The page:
The $2 billion sale of the Los Angeles Clippers may not be a done deal yet, with current owner Donald Sterling lodging a court appeal on Friday against an earlier judgment that his estranged wife Shelly had the right to sell the NBA club to former Microsoft CEO Steve Ballmer.
Ballmer's lawyer quickly denounced the move as part of Sterling's ''egotistical crusade to destroy the Clippers.''
Lawyers for Sterling asked the Second District Court of Appeals to stay a probate judge's ruling that cleared the way for the sale. They said the judge prematurely finalized his ruling so the sale can be completed without a chance to appeal.
Sterling's appellate lawyers said in their request for a writ of mandate that if the sale goes through, ''Donald will have lost a unique and irretrievable asset: a `trophy asset' coveted by high net worth individuals around the world - one of thirty NBA franchises in the country, and one that under Donald's thirty-year ownership has recently become one of the most successful.''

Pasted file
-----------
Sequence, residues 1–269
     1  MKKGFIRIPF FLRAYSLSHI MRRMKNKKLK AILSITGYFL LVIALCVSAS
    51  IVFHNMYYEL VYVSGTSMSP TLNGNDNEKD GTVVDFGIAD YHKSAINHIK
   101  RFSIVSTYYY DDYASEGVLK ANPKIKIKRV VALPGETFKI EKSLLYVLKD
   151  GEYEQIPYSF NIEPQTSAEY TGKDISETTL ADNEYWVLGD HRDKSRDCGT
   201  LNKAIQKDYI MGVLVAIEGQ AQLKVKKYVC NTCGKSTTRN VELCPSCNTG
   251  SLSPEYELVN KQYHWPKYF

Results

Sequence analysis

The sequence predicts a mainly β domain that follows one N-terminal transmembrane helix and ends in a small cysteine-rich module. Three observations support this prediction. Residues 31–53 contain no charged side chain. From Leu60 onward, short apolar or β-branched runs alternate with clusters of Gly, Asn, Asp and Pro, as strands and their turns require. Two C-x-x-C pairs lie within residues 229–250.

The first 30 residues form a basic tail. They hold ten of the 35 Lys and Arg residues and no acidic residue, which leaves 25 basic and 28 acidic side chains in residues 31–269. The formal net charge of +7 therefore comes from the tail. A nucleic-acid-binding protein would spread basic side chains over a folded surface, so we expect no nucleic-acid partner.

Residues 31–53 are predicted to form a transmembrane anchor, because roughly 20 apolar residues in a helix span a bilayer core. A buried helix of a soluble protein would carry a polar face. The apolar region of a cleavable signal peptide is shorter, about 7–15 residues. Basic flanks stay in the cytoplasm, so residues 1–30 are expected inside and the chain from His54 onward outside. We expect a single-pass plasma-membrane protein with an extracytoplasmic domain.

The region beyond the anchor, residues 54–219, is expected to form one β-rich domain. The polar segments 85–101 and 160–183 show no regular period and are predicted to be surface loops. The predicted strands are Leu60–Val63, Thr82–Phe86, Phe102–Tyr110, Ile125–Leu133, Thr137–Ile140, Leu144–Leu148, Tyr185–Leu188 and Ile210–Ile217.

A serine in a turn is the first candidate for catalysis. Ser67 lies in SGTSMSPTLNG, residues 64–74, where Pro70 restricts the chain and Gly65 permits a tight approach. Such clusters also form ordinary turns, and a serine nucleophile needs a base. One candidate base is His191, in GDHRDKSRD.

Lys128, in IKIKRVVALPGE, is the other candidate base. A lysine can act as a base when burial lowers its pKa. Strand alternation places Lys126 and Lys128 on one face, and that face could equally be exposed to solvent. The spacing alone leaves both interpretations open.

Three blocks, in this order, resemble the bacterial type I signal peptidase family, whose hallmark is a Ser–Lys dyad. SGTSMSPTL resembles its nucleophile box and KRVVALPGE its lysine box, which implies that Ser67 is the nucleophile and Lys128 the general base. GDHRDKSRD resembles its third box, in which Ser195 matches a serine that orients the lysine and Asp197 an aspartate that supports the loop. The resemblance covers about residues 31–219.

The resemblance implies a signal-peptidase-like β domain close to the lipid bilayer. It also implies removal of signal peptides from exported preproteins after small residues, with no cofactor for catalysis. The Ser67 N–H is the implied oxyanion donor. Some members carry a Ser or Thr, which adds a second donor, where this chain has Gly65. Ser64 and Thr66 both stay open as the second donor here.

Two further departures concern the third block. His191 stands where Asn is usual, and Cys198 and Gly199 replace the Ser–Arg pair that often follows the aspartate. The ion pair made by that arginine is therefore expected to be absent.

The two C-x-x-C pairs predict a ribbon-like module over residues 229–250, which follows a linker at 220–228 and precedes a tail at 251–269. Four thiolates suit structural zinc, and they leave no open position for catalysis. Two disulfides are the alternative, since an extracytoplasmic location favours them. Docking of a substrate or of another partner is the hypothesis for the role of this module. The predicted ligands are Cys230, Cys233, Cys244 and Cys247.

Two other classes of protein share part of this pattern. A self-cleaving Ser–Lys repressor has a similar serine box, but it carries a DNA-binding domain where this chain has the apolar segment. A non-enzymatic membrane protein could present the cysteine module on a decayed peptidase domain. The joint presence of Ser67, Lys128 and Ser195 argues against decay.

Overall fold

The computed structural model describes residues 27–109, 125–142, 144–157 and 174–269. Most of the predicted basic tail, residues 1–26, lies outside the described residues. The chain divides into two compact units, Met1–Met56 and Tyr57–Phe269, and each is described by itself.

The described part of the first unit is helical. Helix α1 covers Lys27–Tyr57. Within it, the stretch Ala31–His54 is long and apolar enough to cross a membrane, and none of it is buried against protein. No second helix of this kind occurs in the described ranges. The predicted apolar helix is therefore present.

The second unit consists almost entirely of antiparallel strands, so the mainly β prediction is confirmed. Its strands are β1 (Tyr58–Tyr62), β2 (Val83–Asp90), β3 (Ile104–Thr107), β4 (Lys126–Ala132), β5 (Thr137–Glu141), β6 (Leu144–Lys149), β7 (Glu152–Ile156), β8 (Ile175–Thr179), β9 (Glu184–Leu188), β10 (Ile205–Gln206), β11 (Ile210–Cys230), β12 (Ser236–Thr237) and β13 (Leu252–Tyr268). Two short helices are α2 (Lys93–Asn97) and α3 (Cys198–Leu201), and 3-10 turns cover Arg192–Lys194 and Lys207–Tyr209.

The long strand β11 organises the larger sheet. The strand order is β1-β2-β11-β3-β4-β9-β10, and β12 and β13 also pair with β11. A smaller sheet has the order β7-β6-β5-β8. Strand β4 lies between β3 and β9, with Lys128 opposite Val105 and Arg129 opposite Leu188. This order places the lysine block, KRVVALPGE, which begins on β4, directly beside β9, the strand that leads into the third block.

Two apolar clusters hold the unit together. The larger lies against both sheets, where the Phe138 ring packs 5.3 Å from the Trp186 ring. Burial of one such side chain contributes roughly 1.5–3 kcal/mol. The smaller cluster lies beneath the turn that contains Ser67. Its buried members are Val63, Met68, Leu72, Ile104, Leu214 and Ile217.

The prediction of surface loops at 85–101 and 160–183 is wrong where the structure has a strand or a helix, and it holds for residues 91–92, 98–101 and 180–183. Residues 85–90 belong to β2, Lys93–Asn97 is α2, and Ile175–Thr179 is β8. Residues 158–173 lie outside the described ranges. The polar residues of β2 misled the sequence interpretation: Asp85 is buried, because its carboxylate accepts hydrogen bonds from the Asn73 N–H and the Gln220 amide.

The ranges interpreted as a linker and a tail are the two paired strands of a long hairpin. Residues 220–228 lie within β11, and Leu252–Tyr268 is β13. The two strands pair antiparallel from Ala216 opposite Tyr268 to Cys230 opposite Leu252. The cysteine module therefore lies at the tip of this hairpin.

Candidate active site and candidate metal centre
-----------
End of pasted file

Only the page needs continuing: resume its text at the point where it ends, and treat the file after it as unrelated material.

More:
The main complaint of the appellants is the judge's decision to allow the sale to go forward with no time for an appeal. He used a section of law that bars a stay of his decision.
Given that provision, it was unclear if the appeal would have any effect. The sale could conceivably go forward while the appeal makes its way through the courts.
Adam Streisand, the attorney for Ballmer, said in a statement: ''We won this trial because Donald Sterling is on an egotistical crusade to destroy the Clippers if he can't keep the team, and he can't. We will win the appeal for the very same reason.''
A spokesman for the attorneys representing Sterling's estranged wife, Shelly Sterling, issued a statement similarly attacking Donald Sterling's motives.
''Donald's petition for writ of mandate is another desperate act by a desperate man,'' the statement said. ''The decision by Judge Michael Levanas - after three weeks of trial - is a correct decision on the law and the undisputed evidence. Donald will do anything to kill the record-shattering $2B sale of the Clippers. His petition is frivolous.''
The appellate lawyers who filed the writ petition late Friday afternoon acknowledged that Donald Sterling has a public image problem.
''Admittedly, in light of recent events, Donald Sterling does not cut a sympathetic figure,'' his appellate lawyers wrote. ''But the issues raised by